By Cassie Miller
For the Pittsburgh Current
The impeachment drama unfolding on Capitol Hill this week is all about “national security” and the “credibility of our country,” U.S. Sen. Bob Casey, D-Pa., said Thursday.
Speaking to home-state reporters, the Scranton lawmaker said that he and his colleagues were listening attentively as House impeachment managers made arguments that stretched over eight hours on Wednesday.
“It’s our obligation to sit and to listen,” Casey said.
Casey said that he’s been “impressed by how engaged people are” – including his own colleagues.
He noted that, like himself, most of his colleagues have been quietly taking notes throughout the process but said the few instances where other senators walked out were “troubling.”
Casey said he hasn’t discussed any of the impeachment proceedings with Pennsylvania’s other senator, Republican Pat Toomey.
Casey said there will be time for GOP and Democratic senators to interact in the deliberation, toward the end of the impeachment process when they will make their arguments to their colleagues.
Pointing to Acting Ukrainian Ambassador Bill Taylor’s extensive notes, Casey said, “I want the Republicans to continually be challenged by the evidence and I think they have been.”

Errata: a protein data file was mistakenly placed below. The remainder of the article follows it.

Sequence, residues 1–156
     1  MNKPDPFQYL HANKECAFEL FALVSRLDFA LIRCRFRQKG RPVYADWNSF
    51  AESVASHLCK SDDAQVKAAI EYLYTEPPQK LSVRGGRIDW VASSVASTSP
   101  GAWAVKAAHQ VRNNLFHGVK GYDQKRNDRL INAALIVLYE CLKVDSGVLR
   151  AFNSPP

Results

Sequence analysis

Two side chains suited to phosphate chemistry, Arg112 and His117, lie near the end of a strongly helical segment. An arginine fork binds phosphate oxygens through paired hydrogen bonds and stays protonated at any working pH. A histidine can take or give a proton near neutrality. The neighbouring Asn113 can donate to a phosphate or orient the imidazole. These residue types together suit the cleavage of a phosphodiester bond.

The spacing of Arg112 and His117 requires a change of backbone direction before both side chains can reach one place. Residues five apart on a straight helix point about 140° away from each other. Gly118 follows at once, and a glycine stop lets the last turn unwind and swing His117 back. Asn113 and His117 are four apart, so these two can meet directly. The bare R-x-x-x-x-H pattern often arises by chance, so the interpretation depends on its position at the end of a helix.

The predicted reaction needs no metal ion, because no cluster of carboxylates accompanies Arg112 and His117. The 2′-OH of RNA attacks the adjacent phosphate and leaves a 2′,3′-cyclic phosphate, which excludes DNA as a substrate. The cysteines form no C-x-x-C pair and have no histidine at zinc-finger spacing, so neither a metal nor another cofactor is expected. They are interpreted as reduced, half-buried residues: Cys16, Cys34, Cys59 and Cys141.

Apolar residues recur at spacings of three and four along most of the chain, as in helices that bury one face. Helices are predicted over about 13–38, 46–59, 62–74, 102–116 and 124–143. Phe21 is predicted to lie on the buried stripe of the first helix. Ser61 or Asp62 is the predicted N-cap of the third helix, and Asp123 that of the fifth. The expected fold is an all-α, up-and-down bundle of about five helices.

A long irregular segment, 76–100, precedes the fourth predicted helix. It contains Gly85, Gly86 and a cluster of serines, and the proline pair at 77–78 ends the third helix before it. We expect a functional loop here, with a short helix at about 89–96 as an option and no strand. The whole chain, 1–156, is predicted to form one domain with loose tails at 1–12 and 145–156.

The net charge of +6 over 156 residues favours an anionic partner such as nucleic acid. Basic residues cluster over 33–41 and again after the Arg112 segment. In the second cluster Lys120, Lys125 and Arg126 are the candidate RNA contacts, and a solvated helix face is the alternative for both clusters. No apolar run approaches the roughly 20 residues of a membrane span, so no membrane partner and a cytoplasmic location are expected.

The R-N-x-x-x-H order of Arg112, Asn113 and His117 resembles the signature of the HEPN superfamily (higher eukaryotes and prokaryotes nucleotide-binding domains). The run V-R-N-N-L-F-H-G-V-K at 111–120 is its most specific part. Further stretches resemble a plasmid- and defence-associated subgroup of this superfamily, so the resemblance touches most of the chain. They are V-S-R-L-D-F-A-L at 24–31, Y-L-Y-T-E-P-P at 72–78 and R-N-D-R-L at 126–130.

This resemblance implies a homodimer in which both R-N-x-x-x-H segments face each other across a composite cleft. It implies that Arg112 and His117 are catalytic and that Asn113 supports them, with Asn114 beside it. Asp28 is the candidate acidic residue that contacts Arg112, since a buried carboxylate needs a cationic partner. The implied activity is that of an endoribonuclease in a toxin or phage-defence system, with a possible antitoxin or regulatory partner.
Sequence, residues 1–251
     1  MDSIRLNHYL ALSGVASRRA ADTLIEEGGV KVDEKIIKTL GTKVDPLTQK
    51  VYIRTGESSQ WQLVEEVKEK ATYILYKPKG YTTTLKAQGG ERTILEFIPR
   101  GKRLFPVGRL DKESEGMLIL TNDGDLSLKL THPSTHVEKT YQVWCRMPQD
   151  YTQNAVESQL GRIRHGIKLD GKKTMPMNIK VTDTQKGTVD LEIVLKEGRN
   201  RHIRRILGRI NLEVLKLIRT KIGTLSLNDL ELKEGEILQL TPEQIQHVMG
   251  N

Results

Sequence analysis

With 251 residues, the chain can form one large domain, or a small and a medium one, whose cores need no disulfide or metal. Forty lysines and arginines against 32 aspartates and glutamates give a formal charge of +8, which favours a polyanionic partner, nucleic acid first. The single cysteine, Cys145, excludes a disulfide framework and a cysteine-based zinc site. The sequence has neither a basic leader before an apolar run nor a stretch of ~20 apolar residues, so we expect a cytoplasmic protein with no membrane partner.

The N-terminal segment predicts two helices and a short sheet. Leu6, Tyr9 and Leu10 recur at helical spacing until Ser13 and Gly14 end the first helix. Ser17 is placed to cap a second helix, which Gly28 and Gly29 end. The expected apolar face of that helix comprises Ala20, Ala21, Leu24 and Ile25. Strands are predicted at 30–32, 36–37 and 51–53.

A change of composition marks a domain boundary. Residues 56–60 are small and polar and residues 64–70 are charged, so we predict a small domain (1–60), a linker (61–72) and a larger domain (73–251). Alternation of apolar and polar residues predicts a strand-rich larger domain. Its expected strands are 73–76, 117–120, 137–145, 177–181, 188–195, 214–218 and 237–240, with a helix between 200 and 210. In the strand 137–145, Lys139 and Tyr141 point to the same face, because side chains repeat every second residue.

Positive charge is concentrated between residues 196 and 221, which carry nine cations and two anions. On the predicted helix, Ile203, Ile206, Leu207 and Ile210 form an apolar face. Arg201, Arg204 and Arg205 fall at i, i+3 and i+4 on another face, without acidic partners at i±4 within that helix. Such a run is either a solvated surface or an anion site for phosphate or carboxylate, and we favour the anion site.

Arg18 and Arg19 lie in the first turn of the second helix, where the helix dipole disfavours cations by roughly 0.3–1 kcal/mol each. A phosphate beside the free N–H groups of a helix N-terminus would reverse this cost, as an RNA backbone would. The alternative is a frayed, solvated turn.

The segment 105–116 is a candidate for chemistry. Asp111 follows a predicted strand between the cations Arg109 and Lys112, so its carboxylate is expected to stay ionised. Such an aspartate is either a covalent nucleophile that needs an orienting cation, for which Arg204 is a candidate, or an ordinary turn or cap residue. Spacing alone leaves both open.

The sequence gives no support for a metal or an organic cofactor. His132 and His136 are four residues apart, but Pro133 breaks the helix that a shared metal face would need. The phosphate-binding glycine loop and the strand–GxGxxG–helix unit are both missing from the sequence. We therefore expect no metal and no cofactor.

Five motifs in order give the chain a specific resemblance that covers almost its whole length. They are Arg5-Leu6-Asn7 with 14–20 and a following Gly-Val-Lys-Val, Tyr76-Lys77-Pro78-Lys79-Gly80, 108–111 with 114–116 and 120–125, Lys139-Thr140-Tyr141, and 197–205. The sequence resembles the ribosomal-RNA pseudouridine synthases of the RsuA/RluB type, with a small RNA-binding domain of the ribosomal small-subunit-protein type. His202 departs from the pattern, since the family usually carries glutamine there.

He added that he was “amazed” at how often there was a document that impeachment managers could connect to the basic charges in the case, calling the House Judiciary Committee’s notes “very compelling.”
“This isn’t a blank record that’s being filled in by the day – we know a lot about this president,” Casey said. This wasn’t a change in policy in one phone call, this is a long pattern that you can only get if you have the chronology.”
The most helpful thing during the process so-far, Casey said, has been the repetition of key points by House impeachment managers.
“The GOP complained that there’s a lot of repetition,” Casey said. “But It was helpful for me when Chairman Schiff went through it month by month.”
Casey said he will continue to review his notes and pick out what is most relevant during the trial.
Cassie Miller is the Associate Editor at the Pennsylvania Capital-Star where this story first appeared.